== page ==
Following on from Novak and Goode’s excellent postcard from Vilnius, I thought I’d share some photos of our trip there in October last year.
I’ve been before as my mate married a Lithuanian girl and got married there. My sons were 16 and 13 and I felt that a trip to the KGB museum was a must because of the history and reality shock of the detention centre beneath.
A quick slide shows the level of losses in the country during Soviet/Nazi occupations.
Whilst the museum above detailed the history and displayed a variety of items made by prisoners out of their hair or teeth as well as guard uniforms, the most macabre of interest was reserved for below.
Downstairs, the first area you come to is a booking in reception area where a small hatch is used to announce new guests. The picture is of the other side where papers and details would be recorded.
Whilst this was happening, guests were held in cell where they could only sit. These could also be used for long periods of detention as an initial torture/control technique.
A typical cell for detainees
And one for families.
Visitors were routinely placed in strait jackets and left for days in padded cells, easy clean walls and flooring.
This was all pretty shocking stuff but this took the biscuit. Originally buried, the museum dug out the floor of this cell as it appeared different to the others. In the middle is a disc on which prisoners were left to stand while the water around them was electrified.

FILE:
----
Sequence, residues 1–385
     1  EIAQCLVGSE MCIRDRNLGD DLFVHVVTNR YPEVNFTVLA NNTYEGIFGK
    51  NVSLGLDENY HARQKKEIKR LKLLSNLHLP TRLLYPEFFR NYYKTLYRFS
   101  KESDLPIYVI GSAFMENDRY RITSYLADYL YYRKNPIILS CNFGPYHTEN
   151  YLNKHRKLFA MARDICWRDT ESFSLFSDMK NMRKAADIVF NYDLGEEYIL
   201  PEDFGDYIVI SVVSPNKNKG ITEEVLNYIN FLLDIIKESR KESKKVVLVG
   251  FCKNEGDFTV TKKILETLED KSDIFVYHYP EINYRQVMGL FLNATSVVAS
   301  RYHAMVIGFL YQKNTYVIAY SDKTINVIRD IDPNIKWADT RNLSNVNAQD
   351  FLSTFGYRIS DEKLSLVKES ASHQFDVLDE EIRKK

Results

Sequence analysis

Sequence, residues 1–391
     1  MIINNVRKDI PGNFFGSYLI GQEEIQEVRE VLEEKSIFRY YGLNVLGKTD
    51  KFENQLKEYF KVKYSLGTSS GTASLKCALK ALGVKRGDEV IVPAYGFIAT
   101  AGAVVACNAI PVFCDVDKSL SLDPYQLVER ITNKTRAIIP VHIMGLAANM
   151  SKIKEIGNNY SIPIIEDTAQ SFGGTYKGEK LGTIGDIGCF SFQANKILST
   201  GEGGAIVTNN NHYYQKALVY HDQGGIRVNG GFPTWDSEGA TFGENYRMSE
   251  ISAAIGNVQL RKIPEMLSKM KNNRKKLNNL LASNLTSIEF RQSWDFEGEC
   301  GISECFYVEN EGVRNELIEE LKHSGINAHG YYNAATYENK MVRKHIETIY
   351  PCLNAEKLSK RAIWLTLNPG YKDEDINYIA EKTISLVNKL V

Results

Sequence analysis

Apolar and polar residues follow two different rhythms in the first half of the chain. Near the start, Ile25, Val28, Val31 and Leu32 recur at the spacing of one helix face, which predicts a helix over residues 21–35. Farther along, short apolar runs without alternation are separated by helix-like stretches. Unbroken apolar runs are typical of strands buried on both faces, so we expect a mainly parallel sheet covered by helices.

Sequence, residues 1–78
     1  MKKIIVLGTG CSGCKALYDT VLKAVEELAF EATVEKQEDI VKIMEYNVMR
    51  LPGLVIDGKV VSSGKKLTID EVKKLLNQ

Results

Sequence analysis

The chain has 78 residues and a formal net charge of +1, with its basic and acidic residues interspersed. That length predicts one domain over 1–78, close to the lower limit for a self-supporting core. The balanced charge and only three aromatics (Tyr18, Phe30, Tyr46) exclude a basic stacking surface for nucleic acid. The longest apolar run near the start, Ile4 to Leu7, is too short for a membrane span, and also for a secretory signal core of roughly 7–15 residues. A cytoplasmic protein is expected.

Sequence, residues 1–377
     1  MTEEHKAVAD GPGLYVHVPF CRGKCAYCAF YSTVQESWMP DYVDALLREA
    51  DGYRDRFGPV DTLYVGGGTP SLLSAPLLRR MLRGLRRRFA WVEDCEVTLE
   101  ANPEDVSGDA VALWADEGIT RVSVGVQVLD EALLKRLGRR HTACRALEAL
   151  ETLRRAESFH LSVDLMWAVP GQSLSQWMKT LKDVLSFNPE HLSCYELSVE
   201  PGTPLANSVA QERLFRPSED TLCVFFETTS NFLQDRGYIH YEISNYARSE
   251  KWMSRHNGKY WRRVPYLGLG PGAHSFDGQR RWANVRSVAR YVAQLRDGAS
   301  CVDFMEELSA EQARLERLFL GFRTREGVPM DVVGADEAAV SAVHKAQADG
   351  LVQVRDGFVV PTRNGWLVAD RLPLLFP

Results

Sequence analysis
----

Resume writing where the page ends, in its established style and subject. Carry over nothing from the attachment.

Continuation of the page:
The exercise area with individual yards. A walkway for guards can just be seen above.
After venturing along the corridor, a door to the right leads into a courtyard with the exercise area one way and a set of enclosed steps the other. I don’t really believe in all the old ghost and occult crap but as we descended those stairs, I’ve never smelt death but I imagined that this was what it reeked of. So you either got a breath of fresh air in the yard or a bullet.
An explanation of the numbers involved.
SB wanted some articles and I don’t know why, I immediately thought of this as one of the most interesting places I’ve been to. Attached to the running courthouse on Gedimino Pr., with low level guard posts with gun slots on display externally, it probably says more about me than the place itself. I know, I don’t get out much.
© text & imagesMillwall 2020
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